"We are talking here about Belarus exploiting refugees and immigrants, which is completely unacceptable," said the Portuguese minister, João Gomes Cravinho.
Portugal’s minister of defence has accused Belarus of exploiting refugees and immigrants, saying that the pressure that it is putting on Lithuania and other countries in the region is unacceptable, and expressing Portugal’s willingness to support the Baltic country.
“We are talking here about Belarus exploiting refugees and immigrants, which is completely unacceptable”, said the minister, João Gomes Cravinho on Sunday on the sidelines of a ceremony to welcome a group of marines from Portugal who had returned from a North Atlantic Treaty Organization mission in Lithuania.
In recent months Lithuania, an EU and NATO member state, has seen a major inflow of migrants from Belarus, mostly from Iraq. Lithuania’s government considers this as an act of retaliation by Belarus’s president – whose legitimacy is widely contested – against sanctions imposed by the bloc, namely because of the hijacking of a civilian plane in May to detain an opposition activist on board.
While noting that the issue had already been discussed by EU ministers of internal affairs, Gomes Cravinho recalled that on Friday he had attended a meeting of EU defence ministers in which “the colleague from Lithuania and several others – also the one from Poland who is also under the same pressure – explained the situation.”
What is happening on the Lithuanian border, he said, “is completely different from other realities” where refugees are coming in.
“We are talking about instrumentalisation by the Belarus government – of President [Alexander] Lukashenko, who incidentally is still in power despite having lost the elections several months ago – who decided that this would be a way of putting pressure on Lithuania which hosted the winner of the elections,” Gomes Cravinho said. “Obviously Lithuania has all our solidarity, obviously it is unacceptable, obviously that border has to be respected and supported and therefore we are available – we and all NATO allies and European Union member countries – to support Lithuania in this circumstance.”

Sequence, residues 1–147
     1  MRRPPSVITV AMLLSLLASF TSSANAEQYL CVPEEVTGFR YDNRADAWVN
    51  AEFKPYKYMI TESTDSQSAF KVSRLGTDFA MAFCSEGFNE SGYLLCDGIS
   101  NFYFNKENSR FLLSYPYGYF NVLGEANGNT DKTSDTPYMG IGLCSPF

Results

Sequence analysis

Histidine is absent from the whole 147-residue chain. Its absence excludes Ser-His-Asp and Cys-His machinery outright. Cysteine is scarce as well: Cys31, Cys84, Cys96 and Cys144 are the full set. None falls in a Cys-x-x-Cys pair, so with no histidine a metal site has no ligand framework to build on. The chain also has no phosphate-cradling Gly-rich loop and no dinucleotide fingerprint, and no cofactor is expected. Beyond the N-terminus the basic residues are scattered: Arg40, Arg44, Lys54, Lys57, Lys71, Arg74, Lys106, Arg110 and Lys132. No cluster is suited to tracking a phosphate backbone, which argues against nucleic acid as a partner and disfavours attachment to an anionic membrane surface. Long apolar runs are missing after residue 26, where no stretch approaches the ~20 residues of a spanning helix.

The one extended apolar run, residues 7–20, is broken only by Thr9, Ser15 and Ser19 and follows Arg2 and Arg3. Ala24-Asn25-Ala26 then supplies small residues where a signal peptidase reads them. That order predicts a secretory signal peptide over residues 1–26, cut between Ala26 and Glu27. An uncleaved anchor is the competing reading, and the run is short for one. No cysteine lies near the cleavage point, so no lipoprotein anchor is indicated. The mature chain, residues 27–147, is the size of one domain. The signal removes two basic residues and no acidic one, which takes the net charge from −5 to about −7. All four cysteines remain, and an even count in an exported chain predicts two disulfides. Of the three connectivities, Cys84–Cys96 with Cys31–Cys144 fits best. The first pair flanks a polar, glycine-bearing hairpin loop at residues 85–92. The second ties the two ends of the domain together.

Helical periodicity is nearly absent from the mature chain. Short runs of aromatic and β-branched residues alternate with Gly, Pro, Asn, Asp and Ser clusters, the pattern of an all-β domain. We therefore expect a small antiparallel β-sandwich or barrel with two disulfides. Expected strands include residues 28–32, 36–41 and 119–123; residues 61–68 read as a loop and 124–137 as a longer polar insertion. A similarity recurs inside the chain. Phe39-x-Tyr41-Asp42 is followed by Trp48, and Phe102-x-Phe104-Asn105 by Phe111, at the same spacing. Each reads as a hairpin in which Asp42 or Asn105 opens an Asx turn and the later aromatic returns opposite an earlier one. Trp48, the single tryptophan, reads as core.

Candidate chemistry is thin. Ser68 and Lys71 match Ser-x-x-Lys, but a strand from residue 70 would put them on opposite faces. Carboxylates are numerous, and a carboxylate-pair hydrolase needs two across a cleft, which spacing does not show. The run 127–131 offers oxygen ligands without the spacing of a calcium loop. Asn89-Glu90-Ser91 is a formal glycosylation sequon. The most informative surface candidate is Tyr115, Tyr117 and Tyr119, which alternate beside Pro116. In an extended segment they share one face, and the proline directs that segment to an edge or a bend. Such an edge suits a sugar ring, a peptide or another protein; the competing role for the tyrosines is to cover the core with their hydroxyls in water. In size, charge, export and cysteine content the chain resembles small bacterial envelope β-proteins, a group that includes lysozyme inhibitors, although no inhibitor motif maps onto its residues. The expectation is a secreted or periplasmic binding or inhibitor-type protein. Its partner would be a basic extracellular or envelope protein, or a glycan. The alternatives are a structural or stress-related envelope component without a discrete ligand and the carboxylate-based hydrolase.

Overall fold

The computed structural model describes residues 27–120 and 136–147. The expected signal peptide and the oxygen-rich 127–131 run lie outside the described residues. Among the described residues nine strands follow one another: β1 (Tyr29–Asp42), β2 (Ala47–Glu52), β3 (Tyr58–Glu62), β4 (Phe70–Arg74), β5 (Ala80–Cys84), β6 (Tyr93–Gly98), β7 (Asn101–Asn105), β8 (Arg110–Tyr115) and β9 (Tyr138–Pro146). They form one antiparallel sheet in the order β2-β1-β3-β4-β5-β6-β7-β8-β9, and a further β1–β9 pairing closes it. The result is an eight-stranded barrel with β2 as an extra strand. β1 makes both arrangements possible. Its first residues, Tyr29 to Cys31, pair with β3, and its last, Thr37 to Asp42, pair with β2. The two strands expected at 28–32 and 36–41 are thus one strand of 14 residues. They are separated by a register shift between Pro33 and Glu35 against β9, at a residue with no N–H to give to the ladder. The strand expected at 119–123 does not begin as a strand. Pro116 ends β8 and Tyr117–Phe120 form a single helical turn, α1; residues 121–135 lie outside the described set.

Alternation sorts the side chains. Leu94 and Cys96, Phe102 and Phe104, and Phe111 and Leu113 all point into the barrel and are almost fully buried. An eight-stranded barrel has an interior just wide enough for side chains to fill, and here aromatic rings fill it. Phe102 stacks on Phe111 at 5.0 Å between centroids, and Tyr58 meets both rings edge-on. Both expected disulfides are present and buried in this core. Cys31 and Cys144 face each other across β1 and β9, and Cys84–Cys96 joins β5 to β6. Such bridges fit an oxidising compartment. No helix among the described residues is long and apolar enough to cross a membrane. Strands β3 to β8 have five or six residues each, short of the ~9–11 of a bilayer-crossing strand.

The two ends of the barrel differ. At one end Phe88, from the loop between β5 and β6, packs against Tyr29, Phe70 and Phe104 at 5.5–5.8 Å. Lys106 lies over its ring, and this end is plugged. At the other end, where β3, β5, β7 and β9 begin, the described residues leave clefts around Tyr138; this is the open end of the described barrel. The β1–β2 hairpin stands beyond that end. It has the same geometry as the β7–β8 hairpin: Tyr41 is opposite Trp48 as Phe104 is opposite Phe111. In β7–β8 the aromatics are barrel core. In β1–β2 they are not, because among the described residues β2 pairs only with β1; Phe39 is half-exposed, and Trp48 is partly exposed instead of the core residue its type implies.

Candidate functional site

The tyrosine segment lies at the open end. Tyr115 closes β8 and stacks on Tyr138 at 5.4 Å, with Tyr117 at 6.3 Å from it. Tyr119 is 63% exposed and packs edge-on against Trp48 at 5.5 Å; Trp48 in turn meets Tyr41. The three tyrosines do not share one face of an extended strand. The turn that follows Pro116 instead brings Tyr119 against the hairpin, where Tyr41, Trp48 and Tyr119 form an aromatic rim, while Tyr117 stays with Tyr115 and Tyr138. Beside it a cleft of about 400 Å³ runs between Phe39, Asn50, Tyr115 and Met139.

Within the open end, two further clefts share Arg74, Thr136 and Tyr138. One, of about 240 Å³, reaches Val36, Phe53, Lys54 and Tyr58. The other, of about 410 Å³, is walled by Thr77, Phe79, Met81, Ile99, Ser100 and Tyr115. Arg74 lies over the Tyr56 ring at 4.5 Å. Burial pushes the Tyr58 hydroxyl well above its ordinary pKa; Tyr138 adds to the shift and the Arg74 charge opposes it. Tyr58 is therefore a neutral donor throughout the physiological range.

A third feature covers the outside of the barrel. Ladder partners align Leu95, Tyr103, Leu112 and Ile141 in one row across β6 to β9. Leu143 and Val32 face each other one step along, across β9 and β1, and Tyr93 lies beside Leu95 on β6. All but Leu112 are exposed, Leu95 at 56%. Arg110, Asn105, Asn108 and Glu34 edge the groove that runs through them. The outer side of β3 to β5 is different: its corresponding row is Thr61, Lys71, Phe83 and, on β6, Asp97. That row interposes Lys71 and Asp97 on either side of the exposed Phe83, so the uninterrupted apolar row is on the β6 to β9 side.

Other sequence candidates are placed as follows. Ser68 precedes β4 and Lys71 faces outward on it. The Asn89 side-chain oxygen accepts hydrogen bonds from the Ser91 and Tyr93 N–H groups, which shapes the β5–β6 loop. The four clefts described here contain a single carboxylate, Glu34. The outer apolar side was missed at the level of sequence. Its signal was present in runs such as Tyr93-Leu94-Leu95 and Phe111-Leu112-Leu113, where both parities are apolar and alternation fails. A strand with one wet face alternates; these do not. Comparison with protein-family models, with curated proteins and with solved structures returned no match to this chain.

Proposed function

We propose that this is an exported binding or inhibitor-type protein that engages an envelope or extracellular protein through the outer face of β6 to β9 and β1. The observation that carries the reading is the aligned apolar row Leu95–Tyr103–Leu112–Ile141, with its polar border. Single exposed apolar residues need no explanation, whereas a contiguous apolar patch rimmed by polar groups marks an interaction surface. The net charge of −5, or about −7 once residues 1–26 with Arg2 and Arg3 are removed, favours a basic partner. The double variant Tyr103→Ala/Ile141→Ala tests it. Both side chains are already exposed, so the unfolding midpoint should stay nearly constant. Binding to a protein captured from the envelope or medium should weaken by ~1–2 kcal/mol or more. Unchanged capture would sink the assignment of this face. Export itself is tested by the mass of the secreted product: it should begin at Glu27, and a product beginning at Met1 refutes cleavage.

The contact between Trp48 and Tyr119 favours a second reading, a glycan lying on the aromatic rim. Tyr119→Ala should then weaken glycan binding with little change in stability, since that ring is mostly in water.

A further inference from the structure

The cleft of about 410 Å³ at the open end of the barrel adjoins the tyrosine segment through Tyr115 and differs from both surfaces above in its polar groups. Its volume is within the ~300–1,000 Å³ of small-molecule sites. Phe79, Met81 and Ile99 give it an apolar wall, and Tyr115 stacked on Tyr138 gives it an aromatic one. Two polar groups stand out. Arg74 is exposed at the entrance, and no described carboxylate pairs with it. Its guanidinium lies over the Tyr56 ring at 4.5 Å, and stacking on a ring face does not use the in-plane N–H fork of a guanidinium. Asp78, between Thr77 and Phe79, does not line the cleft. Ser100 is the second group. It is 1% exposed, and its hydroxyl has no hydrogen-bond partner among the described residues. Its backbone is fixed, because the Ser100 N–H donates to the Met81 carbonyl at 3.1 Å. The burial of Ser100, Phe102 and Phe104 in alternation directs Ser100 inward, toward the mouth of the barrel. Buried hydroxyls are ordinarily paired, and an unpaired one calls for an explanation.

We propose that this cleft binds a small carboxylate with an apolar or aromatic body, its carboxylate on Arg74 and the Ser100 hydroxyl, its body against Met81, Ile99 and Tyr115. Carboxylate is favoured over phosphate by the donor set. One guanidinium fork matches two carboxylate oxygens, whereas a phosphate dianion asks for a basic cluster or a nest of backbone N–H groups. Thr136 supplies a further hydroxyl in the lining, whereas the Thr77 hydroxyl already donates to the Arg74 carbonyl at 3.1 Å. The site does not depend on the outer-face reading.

In August, Lithuania’s government ordered its border guards to turn back and expel, with force if necessary, any migrants from Belarus attempting to enter the country in an irregular fashion. In response, Lukashenko ordered Belarus defence and security agencies to “close every metre of the border” so as not to allow migrants to re-enter Belarus.
The crisis is aggravating the already strained relations between the two neighbours, which have worsened since the eletions of August 2020, which saw Lukashenko – who has been in power for almost three decades – secure a sixth term, as well as relations between Minsk and the West. Last year’s election was considered fraudulent by the Belarus opposition and Western governments.
Lithuania, a country of just under three million people, shares a border with Belarus of almost 680 kilometres. Some 4,090 migrants have crossed the border between them this year, according to figures from international agencies.
Lithuanian authorities anticipate that more than 10,000 migrants may attempt to reach the Baltic country this year.
Portugal’s defence minister on Sunday attended a ceremony to welcome the 145-strong force of marines from the country’s navy who had been on a mission in Lithuania as part of NATO’s reassurance measures in that territory.
“It is always a great pleasure to welcome back our national forces, in this case, marines, who were several months on a NATO mission, a mission that is very important for our allies in the Baltic countries and that always leads to great thanks from the authorities of Lithuania, Estonia, Latvia and also Poland, who feel our proximity and expression of solidarity,” Gomes Cravinho said in a statement after the formal thanks. “This is very important because NATO is one whole, there are times when we also need the support of other NATO allies and demonstrate our solidarity.
This, he added, “is the best way to guarantee, in the long run, our own security and our full commitment to the Atlantic Alliance.”